But it’s not feminism that pretends to be all inclusive and then backs away. It’s certain feminists, privileged white women, I venture to say. Feminism itself simply calls for women to be treated equally and given equal opportunity.

    Yeah, but this is significantly complicated by the fact that it is often those privileged white women who get publishing contracts and interviews and whatnot — in short, who get to be the face of feminism to “mainstream” culture — and therefore shape feminist discourse in big ways.

  37. Fatemeh says:

    “Which is bullshit, because these issues impact women – whether you call them feminist or not is irrelevant.” Hells YEAH!

    And Renee’s “When people say this is not a feminist issue it is silencing behavior meant to control who has the right to speak in feminist spaces.” is RIGHT ON.

    Rachelle: Feminism = Equality for ALL people. More nodding on this point!

    Just throw me on the pile of Latoya-lovers here. You’re doing a bang-up job!

  38. Lauren says:

    I have nothing additionally productive to add, but Latoya? ***swoon***

  39. cedarcrow says:

    To me, “intersectional feminism” means looking at power and privilege, and how they are used to create and maintain oppression. Any and all examples of power and privilege, and any and all folks oppressed are fair game.

    Sometimes it’s women who are oppressed, sometimes it’s poor white guys, sometimes it’s a well-to-do family of colour who “only got there because of affirmative action” (i.e. didn’t really earn it). Sometimes, it’s looking at how [insert marginalised group here] is oppressed in some situations, but experiences privilege in others. Sometimes it’s looking at lateral oppression in marginalised communities.

    Because you know what? *NONE* of us are “single issue.” We have family members, and friends, and lovers, and children, and bosses, employees, or co-workers who all bring us into one intersection or another. And the more conversations we have and the greater the diversity of issues under consideration, the more we realise that things we thought were “isolated incidents” actually exist as part of a pattern – the matrix of institutionalised oppression.

    None of us is free until all of us are free. Rock on, Latoya.

  40. ripley says:

    so, so true, Latoya. I don’t have much to add. but thank you. I find the policing of feminism to leave out the experience of so many women to be extra-frustrating. And I’m happy to see someone call it out publicly in a post on this site.

  41. lilacsigil says:

    @Latoya. I’m probably missing the point of this whole post, but your quote from Joan Morgan is probably the most enlightening thing I’ve ever read about hip-hop culture. Seriously, I feel like my brain has been turned inside out and exposed to the light.

  42. octogalore says:

    Thanks for the great response, Latoya. You’re right, this is how we met and I’m grateful that we have continued to chat and to agree and disagree so eloquently (at least in your case!)

    I appreciate what you have done at Racialicious to provide an open environment for Hillary supporters. I’m sorry about the email you got, I don’t know the background to that or who wrote it, but IMO, it’s not deserved critique.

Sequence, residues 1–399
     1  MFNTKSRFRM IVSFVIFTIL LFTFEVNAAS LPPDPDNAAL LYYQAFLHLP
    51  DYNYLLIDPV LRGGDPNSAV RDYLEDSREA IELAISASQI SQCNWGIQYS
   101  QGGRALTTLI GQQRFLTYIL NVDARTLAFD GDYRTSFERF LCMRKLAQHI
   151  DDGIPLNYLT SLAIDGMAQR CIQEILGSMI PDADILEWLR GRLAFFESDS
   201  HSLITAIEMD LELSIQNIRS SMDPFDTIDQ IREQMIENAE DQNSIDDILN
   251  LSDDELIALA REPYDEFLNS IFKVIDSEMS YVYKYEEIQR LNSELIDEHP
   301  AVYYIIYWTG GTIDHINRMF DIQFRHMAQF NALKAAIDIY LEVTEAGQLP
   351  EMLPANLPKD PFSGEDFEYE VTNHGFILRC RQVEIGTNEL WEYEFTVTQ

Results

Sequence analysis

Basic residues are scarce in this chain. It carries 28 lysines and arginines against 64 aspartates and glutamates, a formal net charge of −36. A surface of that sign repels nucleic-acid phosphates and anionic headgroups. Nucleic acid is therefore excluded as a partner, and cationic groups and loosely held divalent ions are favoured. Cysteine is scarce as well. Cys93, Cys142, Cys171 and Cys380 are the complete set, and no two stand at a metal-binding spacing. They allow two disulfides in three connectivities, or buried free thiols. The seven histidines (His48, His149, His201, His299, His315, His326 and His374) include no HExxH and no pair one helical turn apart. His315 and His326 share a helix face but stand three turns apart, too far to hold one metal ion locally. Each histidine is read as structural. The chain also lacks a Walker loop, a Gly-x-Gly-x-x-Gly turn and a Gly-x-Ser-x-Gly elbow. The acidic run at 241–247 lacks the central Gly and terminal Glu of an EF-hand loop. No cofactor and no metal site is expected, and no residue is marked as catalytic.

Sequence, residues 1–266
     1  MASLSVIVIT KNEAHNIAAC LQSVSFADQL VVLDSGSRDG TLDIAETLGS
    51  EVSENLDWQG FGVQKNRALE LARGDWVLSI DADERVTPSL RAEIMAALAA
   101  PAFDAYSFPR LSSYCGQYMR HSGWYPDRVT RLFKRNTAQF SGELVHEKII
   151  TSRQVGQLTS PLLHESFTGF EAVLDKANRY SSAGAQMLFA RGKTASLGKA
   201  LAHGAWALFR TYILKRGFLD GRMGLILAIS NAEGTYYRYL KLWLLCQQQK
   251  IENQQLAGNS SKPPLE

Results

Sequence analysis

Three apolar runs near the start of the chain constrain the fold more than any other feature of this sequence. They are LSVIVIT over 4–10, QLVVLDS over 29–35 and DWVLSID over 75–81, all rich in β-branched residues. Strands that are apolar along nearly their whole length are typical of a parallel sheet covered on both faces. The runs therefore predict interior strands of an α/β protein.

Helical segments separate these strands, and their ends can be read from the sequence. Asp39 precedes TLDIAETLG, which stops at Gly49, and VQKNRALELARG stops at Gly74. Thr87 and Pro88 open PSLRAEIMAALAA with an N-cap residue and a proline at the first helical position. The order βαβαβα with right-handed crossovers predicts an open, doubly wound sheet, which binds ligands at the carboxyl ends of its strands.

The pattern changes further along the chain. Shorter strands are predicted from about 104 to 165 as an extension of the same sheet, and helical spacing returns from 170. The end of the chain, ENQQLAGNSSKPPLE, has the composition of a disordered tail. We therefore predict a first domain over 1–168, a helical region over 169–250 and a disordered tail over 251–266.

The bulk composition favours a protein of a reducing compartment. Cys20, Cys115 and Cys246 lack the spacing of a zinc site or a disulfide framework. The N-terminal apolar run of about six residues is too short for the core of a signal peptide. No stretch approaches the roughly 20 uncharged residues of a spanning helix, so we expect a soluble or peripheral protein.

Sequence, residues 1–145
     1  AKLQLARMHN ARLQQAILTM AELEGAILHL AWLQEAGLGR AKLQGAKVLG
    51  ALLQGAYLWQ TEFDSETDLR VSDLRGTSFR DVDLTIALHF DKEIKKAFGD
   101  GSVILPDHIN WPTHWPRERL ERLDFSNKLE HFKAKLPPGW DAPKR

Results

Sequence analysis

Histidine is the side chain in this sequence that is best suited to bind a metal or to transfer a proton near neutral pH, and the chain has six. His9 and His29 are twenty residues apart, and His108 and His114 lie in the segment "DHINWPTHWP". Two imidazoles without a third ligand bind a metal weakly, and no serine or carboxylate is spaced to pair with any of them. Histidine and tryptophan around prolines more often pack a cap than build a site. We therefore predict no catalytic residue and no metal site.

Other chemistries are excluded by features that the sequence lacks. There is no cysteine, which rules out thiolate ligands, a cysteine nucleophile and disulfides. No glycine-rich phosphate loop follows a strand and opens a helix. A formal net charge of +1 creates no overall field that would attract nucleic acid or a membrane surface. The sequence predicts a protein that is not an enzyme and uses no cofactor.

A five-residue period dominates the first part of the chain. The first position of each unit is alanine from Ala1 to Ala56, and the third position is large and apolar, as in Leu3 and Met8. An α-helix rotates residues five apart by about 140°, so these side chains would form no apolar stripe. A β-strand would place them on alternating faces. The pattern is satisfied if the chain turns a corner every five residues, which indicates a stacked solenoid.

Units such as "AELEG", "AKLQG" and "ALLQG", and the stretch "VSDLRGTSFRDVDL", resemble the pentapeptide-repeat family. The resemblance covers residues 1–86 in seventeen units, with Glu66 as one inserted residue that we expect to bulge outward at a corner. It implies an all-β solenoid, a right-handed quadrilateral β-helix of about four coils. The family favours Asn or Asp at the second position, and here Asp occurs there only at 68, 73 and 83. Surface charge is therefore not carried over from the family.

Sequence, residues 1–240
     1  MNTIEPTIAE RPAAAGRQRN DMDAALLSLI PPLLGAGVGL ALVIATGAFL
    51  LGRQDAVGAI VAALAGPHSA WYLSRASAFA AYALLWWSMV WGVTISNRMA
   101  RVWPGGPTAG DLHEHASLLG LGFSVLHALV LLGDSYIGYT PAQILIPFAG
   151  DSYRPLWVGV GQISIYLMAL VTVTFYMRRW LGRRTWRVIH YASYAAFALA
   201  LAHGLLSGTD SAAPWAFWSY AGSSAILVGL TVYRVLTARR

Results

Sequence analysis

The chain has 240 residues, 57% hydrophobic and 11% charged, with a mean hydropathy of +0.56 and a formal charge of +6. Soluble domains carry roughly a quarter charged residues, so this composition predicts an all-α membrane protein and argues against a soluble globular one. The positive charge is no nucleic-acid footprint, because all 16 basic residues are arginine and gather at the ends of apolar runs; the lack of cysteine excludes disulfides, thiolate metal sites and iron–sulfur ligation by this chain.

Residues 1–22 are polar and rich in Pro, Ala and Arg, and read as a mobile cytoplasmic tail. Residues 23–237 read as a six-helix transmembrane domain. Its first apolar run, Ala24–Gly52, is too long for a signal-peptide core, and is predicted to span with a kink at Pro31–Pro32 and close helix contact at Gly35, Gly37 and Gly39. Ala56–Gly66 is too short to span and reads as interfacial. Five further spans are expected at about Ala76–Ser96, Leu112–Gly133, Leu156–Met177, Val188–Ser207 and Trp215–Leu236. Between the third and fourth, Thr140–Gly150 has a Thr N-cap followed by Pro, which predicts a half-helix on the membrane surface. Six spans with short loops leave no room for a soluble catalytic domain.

I read Joan Morgan as well (on your recommendation in fact). I understand her analysis of the loyalty of black women to black men. I also understand how an analysis of the Sean Bell matter which centers the black women in his life and their issues as black women is a feminist analysis.

    However, most of the posts I saw about Sean Bell did not center or even focus any energy on the black women in his life and their perspective. So without that perspective, how is it a feminist issue? If a post were “Sean Bell: A Feminist Analysis” and talked about exactly the issues you mention, there could be no reasonable critique along these lines, IMO.

    Most issues can be looked at through a feminist lens. But without that lens they’re not necessarily feminist. Just as looking at music in itself isn’t an anti-racist issue, but your treatment of music at Racialicious is an anti-racist treatment.

    “I could be having a conversation with a white feminist who works with a major site, bring up Dunbar Village, and have her have no idea what I’m talking about. But why, Octo? Why is that? Why do we have to keep so many conversations segregated?”

    I don’t know. I don’t think these conversations should be segregated. I don’t agree with deciding when an issue that implicates both race and gender is “more about” one or the other. It’s not Olympics.

    My only concern is this. Some white feminists have demonstrated a disinclination towards intersectionality. That’s a problem. Some white feminists (hi) have said that issues about men are not feminist issues in and of themselves. Those two groups aren’t the same, and the post appeared (to me) to put them in the same category, of being disinterested in intersectionality. On the contrary, I think it is critical that feminism not only understand but engage directly with issues that affect ALL women, including police brutality. I’d just like to see those discussions actually TALK about the affect on women.

  43. shah8 says:

    The comment was ignorant and should be moderated out. Sweatshops are a *really* bad example of an issue that’s not feminist. Everything that they are, is about directly exploiting women, and many part of our labor rights infrastructure was a reaction to the abuses of sweatshops in the US–directly on women and children.